With the legal residency and ability to work that DACA provided, she was able to safely visit family in Ecuador and find meaningful employment with the center, which is one of the leading think tanks on migration in the U.S.
Her work testifies to the urgency of assistance immigrants need, Alulema said. “Our latest estimates indicate that 10.3 million undocumented immigrants live in the United States. And this population hails from virtually every corner of the world.”
Mexico, El Salvador, India, China, the Philippines and Brazil are among the top countries of origin for migrants living in the U.S. Nearly 60% have been in the country 10 or more years, and most exhibit strong rates of educational attainment, language proficiency and labor participation, she said. “Our data also shows that undocumented immigrants are deeply embedded in our communities.”
Roughly 1 million are eligible for the DACA program, and about half that number would qualify for Temporary Protected Status if they applied, Alulema said. Another 10,000 are eligible for the Liberian Refugee Immigration Fairness program, which provides green card access regardless of immigration status for Liberians living in the U.S.
“All these numbers highlight the importance of having a coordinated effort to ensure that every immigrant who is eligible for these programs can access trusted and affordable legal services in their community,” she said.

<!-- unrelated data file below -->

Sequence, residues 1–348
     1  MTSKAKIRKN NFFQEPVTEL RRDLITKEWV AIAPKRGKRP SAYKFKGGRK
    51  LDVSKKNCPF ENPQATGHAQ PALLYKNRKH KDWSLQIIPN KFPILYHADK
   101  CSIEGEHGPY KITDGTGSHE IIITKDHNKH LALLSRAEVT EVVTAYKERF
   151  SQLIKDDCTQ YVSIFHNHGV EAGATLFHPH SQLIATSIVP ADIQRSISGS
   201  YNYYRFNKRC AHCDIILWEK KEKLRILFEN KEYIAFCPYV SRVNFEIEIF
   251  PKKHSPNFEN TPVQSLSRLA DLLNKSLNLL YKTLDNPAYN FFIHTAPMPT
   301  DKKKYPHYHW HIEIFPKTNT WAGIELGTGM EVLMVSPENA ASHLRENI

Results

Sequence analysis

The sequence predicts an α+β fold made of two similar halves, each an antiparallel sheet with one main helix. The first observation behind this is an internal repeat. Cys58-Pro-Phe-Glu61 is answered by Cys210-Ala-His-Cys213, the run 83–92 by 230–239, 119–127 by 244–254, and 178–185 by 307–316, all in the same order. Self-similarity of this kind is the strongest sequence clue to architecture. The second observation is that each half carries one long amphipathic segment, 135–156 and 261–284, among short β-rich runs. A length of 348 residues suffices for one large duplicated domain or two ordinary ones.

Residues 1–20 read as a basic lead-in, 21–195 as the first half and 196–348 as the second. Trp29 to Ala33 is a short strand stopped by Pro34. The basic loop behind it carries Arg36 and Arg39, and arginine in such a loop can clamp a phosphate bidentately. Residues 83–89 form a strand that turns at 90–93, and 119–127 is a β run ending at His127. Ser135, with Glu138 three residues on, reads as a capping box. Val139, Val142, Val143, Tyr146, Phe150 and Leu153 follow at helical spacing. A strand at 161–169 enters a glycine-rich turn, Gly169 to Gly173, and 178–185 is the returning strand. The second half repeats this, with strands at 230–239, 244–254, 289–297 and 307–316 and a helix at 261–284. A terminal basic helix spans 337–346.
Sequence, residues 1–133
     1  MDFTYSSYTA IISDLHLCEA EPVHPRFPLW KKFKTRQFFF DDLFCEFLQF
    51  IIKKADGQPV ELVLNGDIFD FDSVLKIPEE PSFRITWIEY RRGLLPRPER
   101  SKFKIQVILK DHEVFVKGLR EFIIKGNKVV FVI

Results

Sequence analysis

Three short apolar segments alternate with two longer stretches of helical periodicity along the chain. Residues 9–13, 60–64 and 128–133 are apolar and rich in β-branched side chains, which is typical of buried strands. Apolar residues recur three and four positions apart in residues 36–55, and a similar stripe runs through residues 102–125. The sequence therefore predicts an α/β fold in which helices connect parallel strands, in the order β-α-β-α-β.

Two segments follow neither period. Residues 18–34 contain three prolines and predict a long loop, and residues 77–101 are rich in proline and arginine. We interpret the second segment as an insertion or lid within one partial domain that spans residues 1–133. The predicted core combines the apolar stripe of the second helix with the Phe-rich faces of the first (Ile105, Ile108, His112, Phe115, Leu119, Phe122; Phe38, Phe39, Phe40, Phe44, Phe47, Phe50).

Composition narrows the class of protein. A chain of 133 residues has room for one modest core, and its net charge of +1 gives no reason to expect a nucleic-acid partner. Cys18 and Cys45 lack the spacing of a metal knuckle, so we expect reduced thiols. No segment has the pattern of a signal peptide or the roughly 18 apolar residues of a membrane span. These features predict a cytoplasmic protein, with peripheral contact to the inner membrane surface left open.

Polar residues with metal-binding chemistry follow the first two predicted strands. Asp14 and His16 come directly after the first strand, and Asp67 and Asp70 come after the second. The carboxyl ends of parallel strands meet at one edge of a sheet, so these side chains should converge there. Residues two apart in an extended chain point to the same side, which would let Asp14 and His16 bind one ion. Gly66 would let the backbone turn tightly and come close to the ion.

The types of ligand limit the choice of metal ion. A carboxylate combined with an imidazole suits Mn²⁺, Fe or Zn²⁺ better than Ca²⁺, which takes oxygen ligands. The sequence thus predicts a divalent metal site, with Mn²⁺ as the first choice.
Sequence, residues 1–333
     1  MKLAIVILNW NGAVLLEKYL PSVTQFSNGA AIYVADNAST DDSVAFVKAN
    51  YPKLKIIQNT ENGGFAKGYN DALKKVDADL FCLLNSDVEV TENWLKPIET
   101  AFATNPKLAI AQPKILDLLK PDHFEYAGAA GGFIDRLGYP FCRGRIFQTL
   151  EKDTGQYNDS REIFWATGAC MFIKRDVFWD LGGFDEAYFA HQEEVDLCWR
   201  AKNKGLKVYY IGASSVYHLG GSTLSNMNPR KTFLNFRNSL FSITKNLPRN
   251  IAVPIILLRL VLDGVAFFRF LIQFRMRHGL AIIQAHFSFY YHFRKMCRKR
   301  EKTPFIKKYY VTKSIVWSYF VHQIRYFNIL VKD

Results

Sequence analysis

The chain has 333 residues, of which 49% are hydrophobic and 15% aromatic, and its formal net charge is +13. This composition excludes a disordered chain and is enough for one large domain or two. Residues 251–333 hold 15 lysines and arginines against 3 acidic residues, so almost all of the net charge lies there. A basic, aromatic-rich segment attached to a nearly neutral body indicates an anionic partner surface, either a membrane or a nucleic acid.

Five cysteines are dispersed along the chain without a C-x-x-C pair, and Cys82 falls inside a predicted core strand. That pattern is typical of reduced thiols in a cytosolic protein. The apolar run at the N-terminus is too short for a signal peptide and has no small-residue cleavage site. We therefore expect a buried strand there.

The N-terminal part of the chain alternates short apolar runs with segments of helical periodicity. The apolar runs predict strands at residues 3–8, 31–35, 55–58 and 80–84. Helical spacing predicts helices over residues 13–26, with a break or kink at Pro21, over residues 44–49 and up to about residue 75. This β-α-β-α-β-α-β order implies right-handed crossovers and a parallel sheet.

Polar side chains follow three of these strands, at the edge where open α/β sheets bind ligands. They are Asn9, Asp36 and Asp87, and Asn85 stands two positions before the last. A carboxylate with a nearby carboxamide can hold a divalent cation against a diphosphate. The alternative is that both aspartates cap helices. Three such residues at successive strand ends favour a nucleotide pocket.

But in many cases the barrier of racism, in addition to government red tape, has to be overcome, said Abraham Paulos, deputy director of the Black Alliance for Just Immigration.
The historic and ongoing injustices faced by Blacks in the U.S. also contributes to added layers of discrimination against immigrants who are Black, he explained. “Considering the systemic racism that we always feel in the United States, out of the 10,000 Liberians who are eligible for (the Liberian immigration program), only 3,000 have applied.”
Cirenio Cervantes, congregation organizer with Faith in Florida, which is part of the Faith in Action network, said he could have used the help of a coalition like Ready to Stay when he was 17 in a family of migrant workers. “Luckily my church was holding a DACA clinic, when me and my older brothers were able to apply for DACA.”
Since then, Cervantes has received training to conduct DACA clinics in Florida. The new network will multiply the effort.
“This goes to show you the importance of implementation, the importance of having trusted individuals where you can go to prevent fraud, where you can go and be able to adequately and safely apply for a status that can help you live a better life in this country,” he said. “The way I was helped, I know Ready to Stay will help many more people.”
Angelica Salas, executive director of the Coalition for Humane Immigrant Rights, added that the coalition also will work to keep federal lawmakers keenly aware of the need for immigration reform.
“We are propelled by hope to push our members of Congress and also the White House to deliver on the path to citizenship,” she said.
Faith communities also will be reminded because they are well situated as influencers in their communities, Salas added. “That makes the church not only a haven of hope, but it also provides an important network that can provide faith and a lot of other resources families need.”